50,000 Children’s Surgeries Postponed, Deaths on Transplant Waiting List Near-Doubled Due to Lockdown: Report

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The UK’s coronavirus lockdown has impacted every area of healthcare, including cancer treatment, paediatrics, and cardiovascular care, resulting in excess deaths and delays to treatment, according to analysis.

Office for National Statistics (ONS) figures had already revealed on Monday that there were 25,000 excess deaths at private homes since the beginning of the year — with only nine per cent being as a result of coronavirus. Another piece of analysis predicted excess deaths would rise directly as a result of the government’s “Protect the NHS” message which deterred people from making medical appointments.

But it was the audit of several dozens of reports by health professionals, charities, and medical journals by the Daily Mail that revealed in full the staggering effect that the lockdown has had on non-COVID-19 patients.

The report noted a Lancet paper stating that during the three months of lockdown, organ transplants fell by two-thirds, resulting in the numbers of people dying on transplant waiting lists to nearly double.

Hospital chemotherapy attendance fell by 66 per cent in April, per a University College London study for the British Medical Journal analysed by the newspaper. Urgent referrals for early cancer diagnosis dropped by up to 89 per cent, according to the same study. Delays to treatments are unlikely to be caught up to for years, the Daily Mail says, revealing that delays could cause a 20 per cent rise on deaths of new cancer patients in England alone.

The Royal College of Paediatrics and Child Health said that hospitals postponed some 50,000 surgeries for children from March to May in England alone.

Rates of depression and anxiety also doubled, according to analysis from the ONS. While the British Medical Journal of Psychiatry found that nearly one-in-five people had suicidal thoughts in the first month of lockdown.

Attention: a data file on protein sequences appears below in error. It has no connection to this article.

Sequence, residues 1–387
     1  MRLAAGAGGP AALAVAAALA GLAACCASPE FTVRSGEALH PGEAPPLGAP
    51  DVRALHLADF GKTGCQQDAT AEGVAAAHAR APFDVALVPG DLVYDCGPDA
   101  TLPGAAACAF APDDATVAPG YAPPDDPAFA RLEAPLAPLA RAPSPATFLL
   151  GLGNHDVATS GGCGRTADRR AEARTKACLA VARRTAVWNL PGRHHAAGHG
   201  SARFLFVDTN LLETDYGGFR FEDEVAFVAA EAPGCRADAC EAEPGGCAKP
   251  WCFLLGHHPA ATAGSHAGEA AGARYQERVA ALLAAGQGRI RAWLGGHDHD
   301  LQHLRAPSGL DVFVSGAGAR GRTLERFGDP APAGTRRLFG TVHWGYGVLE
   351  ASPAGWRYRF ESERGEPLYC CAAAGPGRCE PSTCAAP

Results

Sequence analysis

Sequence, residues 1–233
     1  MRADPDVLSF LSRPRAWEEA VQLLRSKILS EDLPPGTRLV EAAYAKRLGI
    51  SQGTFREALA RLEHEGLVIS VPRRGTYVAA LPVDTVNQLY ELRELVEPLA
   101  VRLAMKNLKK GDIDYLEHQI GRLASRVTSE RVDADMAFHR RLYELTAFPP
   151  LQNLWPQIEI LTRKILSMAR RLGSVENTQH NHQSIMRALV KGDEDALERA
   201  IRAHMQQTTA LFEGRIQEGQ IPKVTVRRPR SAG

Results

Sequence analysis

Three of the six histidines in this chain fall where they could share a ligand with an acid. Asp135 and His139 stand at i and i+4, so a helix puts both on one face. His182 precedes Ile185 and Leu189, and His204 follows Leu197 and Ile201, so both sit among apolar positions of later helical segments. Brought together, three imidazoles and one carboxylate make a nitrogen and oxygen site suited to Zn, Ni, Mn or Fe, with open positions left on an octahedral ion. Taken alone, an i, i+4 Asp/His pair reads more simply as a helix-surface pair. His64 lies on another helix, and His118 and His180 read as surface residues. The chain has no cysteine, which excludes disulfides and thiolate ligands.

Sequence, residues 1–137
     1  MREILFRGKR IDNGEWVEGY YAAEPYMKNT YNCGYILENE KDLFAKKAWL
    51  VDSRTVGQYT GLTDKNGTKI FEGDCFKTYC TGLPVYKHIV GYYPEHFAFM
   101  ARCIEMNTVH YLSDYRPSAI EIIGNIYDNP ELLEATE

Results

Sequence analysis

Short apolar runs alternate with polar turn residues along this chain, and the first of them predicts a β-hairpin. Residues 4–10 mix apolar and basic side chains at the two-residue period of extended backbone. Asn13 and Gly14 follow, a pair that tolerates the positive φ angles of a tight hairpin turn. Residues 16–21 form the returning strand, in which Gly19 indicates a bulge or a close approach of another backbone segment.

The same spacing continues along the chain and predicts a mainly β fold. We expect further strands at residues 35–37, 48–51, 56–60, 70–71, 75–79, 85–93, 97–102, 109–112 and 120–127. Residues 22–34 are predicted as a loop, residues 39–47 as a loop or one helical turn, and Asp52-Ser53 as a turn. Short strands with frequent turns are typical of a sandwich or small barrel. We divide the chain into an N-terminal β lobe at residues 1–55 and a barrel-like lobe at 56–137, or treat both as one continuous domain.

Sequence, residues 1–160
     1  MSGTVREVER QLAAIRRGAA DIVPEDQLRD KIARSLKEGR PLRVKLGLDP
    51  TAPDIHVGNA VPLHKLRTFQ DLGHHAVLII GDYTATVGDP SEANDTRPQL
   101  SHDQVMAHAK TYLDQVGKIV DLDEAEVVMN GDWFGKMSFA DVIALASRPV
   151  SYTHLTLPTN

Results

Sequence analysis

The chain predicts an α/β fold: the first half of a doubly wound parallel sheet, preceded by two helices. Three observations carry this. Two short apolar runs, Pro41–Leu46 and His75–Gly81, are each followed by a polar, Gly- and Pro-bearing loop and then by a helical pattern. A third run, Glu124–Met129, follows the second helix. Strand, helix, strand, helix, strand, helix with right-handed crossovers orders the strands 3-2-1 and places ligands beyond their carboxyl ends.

University of Buckingham cancer specialist Professor Karol Sikora called the newspaper’s analysis a “stunning demonstration of lockdowns’ harmful effects across society”.

“If lockdown were a drug, you’d need to consider the side effects, and yet we’re not – even though we seem to be diving headlong into another one.

“People sometimes claim it’s a question of health versus the economy, but it’s not – it’s health versus health,” Prof Sikora told the Daily Mail.

London GP Dr Renee Hoenderkamp wrote for the Daily Mail that in “bitter irony”, the government’s “heavy-handed” approach to coronavirus “supposedly designed to save lives appears to have achieved the exact opposite”.

“When the coronavirus outbreak began, and the Government talked of lockdown, I felt that tens of thousands of people could ultimately die, not from the disease itself, but the misguided response to it. That is exactly what seems to be happening,” she said.

The doctor explained that in one instance because face-to-face GP appointments have been all but cancelled in favour of telephone or video calls, parents were directed to look on YouTube to teach themselves how to administer an adrenalin shot with an EpiPen to their severely allergic child because they could not get an in-person appointment with a specialist.

“Effectively, thanks to the Government’s edict, the system was all but closed to cases that did not involve Covid-19. In practice, the National Health Service had been temporarily replaced by a National Covid Service,” Dr Hoenderkamp wrote.

British health and social care services are currently under scrutiny for its treatment of the vulnerable and elderly during the height of the pandemic. Last week, the Care Quality Commission (CQC) announced an investigation into allegations that NHS GPs and care homes were ordering care managers to put blanket do not resuscitate orders on senior citizens. Other reports earlier in the year revealed GPs pressuring parents of ill children and even a group that supports autistic people to put DNRs on their charges.

The NHS also remains in a multi-year investigation into over a thousand cases of the avoidable deaths and injuries of mothers and babies at a hospital trust in England, with incidents dating back to the 1970s.

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